By Mary Thurwachter
The Lantana Town Council got its first look on June 24 at its budget for next year and learned that while property values have returned to pre-recession values, any increases in revenue will be eaten up by insurance increases and personnel costs.
Property values increased by $88.7 million to $1.126 billion since the start of this fiscal year Oct. 1, town Finance Director Stephen Kaplan said. Ad valorem revenue, using the same $3.5 tax rate the town used last year, would bring in $3.7 million. Total revenue projections are $11,893,420, an increase of $343,325 compared with the current budget.
The town is planning to give employees a 1.9 percent cost-of-living raise and possible merit raises up to 5 percent (based on annual evaluations).
Kaplan said pension costs are projected at 41.44 percent of wages for sworn police officers at a cost of $929,330. Pension costs for other employees are 7 percent of wages with a matching program of up to 2 percent. The total cost for this is $308,003.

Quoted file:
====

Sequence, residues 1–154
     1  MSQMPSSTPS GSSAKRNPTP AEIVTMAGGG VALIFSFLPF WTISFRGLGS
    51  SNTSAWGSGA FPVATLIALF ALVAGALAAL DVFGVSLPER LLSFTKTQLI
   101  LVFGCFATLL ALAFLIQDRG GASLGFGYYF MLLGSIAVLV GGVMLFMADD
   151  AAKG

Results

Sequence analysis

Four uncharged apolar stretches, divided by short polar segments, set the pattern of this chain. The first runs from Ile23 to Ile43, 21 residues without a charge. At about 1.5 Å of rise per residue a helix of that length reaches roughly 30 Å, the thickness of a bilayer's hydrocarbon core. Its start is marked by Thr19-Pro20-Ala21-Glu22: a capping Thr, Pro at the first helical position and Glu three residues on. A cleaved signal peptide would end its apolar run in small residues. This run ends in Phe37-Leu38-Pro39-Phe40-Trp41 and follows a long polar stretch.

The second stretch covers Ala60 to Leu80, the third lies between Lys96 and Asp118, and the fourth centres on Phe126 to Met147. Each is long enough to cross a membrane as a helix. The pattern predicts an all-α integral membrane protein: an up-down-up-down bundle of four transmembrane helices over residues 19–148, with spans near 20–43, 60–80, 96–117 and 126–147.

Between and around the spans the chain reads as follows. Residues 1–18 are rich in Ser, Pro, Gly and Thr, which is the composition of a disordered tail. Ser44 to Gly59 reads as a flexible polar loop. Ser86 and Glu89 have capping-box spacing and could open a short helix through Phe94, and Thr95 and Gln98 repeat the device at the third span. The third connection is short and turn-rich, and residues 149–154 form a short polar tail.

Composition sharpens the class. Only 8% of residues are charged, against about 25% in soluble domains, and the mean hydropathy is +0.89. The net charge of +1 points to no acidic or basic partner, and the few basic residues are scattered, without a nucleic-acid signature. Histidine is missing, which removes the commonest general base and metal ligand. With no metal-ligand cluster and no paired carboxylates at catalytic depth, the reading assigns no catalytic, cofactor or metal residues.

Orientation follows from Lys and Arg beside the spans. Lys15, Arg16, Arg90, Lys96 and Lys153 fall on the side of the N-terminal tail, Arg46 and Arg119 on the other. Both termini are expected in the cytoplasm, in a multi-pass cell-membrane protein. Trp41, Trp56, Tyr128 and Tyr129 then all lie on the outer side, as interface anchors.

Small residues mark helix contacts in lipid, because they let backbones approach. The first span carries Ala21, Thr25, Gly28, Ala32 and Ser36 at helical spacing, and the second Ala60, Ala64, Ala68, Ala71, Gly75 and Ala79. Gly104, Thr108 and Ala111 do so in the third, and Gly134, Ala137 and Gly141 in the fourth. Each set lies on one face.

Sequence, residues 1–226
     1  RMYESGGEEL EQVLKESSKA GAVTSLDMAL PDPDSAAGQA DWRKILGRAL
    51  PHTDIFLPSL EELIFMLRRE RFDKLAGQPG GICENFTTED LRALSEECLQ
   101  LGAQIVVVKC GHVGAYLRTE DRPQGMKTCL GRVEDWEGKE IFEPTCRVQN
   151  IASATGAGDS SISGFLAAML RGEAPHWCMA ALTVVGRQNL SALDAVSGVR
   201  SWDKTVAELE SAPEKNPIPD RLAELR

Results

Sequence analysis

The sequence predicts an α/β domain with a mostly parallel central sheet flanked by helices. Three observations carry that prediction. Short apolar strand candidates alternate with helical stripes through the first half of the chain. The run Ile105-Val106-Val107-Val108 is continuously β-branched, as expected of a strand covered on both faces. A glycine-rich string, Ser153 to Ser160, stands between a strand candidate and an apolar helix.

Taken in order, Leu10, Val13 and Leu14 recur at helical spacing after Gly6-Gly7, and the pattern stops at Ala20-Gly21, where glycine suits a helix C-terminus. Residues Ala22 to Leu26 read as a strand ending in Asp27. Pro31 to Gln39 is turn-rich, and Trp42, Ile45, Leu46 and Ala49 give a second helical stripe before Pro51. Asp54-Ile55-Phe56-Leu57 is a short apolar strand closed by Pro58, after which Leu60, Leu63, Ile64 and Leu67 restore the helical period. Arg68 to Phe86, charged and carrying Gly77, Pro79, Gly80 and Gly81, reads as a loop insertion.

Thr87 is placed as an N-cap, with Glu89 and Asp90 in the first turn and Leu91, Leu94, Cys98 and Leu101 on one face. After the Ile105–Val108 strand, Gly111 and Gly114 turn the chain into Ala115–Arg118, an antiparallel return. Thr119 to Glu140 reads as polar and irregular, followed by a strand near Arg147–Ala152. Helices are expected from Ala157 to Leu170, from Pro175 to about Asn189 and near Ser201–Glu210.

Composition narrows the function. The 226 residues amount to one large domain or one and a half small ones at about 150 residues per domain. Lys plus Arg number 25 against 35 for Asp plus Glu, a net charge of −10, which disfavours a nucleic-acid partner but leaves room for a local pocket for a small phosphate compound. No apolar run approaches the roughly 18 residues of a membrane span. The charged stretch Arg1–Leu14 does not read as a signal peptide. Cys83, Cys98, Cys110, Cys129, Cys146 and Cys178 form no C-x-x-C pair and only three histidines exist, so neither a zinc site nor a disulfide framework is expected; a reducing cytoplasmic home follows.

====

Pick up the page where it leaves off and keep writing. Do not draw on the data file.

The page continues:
Health and dental insurance are expected to increase 20 percent each for a total cost of $1,720,856.
Money the town receives from the penny sales surcharge tax, an estimated $785,000, is earmarked for projects such as an ADA beach ramp ($177,500), restrooms at Bicentennial Park ($180,000), sidewalks for Andrew Redding Road ($28,000) and improvements, including shutters, for the library ($400,000).
Two expenditures on the town’s wish list include money for beefing up parking enforcement and adding an irrigation system for East Ocean Avenue. Adding these would mean a budget increase, Town Manager Deborah Manzo said. Or, the town could dip into its reserves, although Mayor Dave Stewart said he would be opposed to that.
The council decided to use $500,000 not spent this fiscal year to balance next year’s budget, which currently has a deficit of $412,021.
The next workshop is 5:30 p.m. July 8 in Town Hall. Two public hearings on the budget will be sometime in September. Ú